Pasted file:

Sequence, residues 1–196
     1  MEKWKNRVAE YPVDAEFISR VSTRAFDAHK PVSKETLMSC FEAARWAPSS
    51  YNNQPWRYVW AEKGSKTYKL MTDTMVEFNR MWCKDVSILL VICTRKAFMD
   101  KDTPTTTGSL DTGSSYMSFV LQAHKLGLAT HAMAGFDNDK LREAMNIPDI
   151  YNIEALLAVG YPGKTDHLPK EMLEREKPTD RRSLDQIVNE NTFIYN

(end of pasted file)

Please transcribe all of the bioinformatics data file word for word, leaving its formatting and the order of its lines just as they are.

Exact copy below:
Sequence, residues 1–196
     1  MEKWKNRVAE YPVDAEFISR VSTRAFDAHK PVSKETLMSC FEAARWAPSS
    51  YNNQPWRYVW AEKGSKTYKL MTDTMVEFNR MWCKDVSILL VICTRKAFMD
   101  KDTPTTTGSL DTGSSYMSFV LQAHKLGLAT HAMAGFDNDK LREAMNIPDI
   151  YNIEALLAVG YPGKTDHLPK EMLEREKPTD RRSLDQIVNE NTFIYN